a variety of consequences for policy making, interpretation and
application. The frustration for policy makers in producing workable
approaches to the Internet may be found, in part, in the vision
and relationship of cyberspace that is being applied. Considered
as a media institution, the power that artefacts and space contain
and reflect are largely ignored. Similarly, to claim the Internet
and the conceptualisation of cyberspace as new and detached phenomena
produces it own difficulties by distancing the object of the policy
makers interest from workable comparisons or models. The argument
that cyberspace is technology, unconvincingly, discards
the direct relationship that artefactual and spatial phenomena
hold to social relations while its reification places cyberspace
in a form of cultural vacuum.
The source of difficulty centres largely on how to define and
treat the Internet. This determines the models that might be employed
and the particular elements of the Internet that are eventually
emphasised in application. An artefactual cyberspace is a different
environment to one that is simply textual, or one reduced to being
a particular communications technology.
One of the most, apparently, obvious sites for utilising cyberspace
and the Internet in a daily context is the presentation of tertiary
education. The creation of flexible and open learning delivery
units in universities appeared to be the harbinger for a shift
in education practice. However, in drawing together issues of
economics, gender and technology into the education environment,
cyberspace becomes a difficult terrain to satisfactorily negotiate.
While the on-line delivery of courses appears to be an appealing
and cost-effective environment to exploit for finance officers
and adminstrators, the issue of how to conceptualise and utilise
the web is an acute issue for the educational designers and educators
(Muffoletto 1997: 53).
Early success stories in the online delivery of courses have
either reapplied the printed models found with older forms of
external studies or become unwieldy and rambling sites of conflicting
and out-of-date material that reflects the increasingly ahistorical
form of the Internet. The criticisms of learners regarding these
experiements also has an impact upon how online courses are managed,
presented and, sometimes, discarded. They are confronted by an
additional jargon, must acquire sufficient cultural knowledges
to successfully navigate the space provided for them and, in some
cases, face the prospect of never seeing their tutor. For some,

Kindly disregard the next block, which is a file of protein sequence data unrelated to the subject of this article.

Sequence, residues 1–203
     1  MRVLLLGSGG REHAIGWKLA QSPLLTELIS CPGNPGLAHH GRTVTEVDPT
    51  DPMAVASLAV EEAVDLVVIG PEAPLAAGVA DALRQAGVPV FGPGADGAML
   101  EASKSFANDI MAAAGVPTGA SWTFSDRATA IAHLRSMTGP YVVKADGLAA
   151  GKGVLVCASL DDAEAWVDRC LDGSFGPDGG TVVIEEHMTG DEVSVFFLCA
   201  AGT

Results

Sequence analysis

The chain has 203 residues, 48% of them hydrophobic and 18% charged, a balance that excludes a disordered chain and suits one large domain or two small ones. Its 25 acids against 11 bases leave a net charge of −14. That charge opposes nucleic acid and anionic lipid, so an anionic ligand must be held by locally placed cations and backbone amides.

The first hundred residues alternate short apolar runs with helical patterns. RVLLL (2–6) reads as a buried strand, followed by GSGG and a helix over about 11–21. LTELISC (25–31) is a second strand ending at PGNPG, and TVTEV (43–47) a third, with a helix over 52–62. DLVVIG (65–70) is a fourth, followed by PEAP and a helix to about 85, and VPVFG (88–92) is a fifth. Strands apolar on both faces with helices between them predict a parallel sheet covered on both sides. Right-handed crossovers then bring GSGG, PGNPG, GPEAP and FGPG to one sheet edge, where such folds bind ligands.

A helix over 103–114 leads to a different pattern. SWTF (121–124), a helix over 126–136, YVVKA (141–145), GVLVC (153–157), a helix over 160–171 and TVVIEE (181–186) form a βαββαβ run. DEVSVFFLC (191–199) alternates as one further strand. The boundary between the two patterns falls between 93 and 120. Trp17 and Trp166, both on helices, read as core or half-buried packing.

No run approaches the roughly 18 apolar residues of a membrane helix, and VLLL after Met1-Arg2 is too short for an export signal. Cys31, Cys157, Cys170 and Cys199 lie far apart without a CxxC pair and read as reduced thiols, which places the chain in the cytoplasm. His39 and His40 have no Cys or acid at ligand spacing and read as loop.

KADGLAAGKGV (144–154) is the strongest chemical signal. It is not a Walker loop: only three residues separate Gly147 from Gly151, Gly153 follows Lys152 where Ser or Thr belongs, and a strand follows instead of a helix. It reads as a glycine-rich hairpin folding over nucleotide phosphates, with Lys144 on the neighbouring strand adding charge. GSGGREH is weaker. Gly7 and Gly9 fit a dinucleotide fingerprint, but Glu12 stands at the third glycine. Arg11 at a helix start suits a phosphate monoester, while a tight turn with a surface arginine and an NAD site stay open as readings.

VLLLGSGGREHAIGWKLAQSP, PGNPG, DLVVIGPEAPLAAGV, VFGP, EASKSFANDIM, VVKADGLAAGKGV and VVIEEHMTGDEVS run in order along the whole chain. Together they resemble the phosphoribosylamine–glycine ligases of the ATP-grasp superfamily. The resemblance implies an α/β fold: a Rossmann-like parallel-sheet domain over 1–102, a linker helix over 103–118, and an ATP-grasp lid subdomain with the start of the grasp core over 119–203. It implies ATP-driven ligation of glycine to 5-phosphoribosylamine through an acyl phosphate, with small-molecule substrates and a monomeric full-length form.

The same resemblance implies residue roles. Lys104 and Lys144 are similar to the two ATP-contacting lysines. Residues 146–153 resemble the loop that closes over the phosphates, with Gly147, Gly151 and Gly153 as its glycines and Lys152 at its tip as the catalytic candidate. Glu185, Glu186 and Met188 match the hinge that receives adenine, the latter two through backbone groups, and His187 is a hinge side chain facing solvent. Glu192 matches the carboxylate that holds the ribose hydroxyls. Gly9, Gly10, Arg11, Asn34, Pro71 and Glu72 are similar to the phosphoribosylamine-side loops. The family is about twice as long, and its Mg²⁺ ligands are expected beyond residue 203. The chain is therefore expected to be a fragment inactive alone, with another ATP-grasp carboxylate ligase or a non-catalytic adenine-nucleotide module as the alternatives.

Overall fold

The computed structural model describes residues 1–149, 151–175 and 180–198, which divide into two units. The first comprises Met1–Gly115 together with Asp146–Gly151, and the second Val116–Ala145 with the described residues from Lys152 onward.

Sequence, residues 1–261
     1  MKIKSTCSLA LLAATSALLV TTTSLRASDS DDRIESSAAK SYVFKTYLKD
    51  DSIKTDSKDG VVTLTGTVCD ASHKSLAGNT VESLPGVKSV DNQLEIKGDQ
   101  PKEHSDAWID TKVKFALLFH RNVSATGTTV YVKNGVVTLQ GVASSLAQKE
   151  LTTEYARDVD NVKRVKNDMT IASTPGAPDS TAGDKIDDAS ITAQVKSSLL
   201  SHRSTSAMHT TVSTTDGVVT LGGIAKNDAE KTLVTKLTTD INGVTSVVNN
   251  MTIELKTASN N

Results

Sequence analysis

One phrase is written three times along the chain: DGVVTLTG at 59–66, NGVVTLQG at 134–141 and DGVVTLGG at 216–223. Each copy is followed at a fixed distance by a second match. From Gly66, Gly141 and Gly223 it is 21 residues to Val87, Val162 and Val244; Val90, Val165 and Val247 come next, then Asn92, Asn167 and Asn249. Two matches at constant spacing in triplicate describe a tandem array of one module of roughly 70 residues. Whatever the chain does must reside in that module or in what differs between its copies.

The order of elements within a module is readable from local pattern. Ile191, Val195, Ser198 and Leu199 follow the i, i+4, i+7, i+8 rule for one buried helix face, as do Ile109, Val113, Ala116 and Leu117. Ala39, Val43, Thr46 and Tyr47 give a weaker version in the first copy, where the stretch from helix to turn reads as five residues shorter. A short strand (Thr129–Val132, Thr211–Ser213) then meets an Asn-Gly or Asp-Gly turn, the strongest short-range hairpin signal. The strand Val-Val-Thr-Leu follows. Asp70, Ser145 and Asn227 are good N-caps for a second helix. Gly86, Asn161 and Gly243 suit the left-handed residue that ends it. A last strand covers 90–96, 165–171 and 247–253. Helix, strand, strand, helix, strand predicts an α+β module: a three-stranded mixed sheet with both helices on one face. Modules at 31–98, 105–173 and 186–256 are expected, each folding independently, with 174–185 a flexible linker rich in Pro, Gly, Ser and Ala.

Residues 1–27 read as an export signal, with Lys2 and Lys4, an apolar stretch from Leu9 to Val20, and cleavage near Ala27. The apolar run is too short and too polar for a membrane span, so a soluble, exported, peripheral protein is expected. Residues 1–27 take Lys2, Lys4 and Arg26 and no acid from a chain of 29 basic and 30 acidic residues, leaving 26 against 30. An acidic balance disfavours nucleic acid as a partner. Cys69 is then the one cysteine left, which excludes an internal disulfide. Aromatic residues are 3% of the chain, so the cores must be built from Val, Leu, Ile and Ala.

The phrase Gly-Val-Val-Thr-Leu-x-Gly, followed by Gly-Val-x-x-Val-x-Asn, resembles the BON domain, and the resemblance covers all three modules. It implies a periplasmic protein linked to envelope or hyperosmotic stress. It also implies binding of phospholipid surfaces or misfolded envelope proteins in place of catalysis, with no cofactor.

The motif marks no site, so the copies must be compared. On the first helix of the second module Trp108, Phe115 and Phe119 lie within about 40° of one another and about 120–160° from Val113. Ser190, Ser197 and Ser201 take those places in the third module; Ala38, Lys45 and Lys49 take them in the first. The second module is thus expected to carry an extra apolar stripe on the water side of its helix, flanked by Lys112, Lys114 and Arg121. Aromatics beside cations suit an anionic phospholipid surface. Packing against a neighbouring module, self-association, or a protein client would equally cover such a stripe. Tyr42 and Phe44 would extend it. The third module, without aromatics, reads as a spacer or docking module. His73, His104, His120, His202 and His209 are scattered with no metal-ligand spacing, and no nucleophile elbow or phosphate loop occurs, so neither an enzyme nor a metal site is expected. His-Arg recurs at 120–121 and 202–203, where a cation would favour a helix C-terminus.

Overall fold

none of these issues present a barrier to gaining their degrees
but for others they require the equivalent of being able to 'read-a-book-in-bed'
in their courses.
Artefactual interpretations of the Internet realign the emphasis
that has currently been presented to both designers and learners.
The Internet becomes, within this perspective, a space for navigation
and experience, as with any other. This 'normalising' of the space
of the Internet shifts it from being a source of fascination for
academics and educational designers and, instead, provides the
opportunity for greater critical comparison and, perhaps, an increased
awareness of what is possible and the social and cultural limitations
of any particular space or the artefacts that are found within
Interpretative Accounts of Cyberspace and the Internet
The Internet Archive provides a starting point for developing
interpretative accounts of the Internet. The claim that this work
has stratigraphic consequences is closely bound to the possibility
that what is being created is derived from a spatial, social and
artefactual Internet. In contrast to this position, Kahle's claim
that he is conducting librarianship needs also to be considered.
It could be observed that the range of possible claims emphasises
the way in which the Internet and the increasing articulation
of theories of cyberspace forces an examination of the manner
in which apparently 'solid' concepts such as 'artefact', 'reality'
and even 'library' are socially and mutually understood (particularly
considering the various institutional restructurings of libraries,
teaching and other university facilities we are all experiencing).
The Internet Archive is a conscious and modernist effort to extract
everything from the Internet in the hope that this will produce
information and knowledge which has social, historical and commercial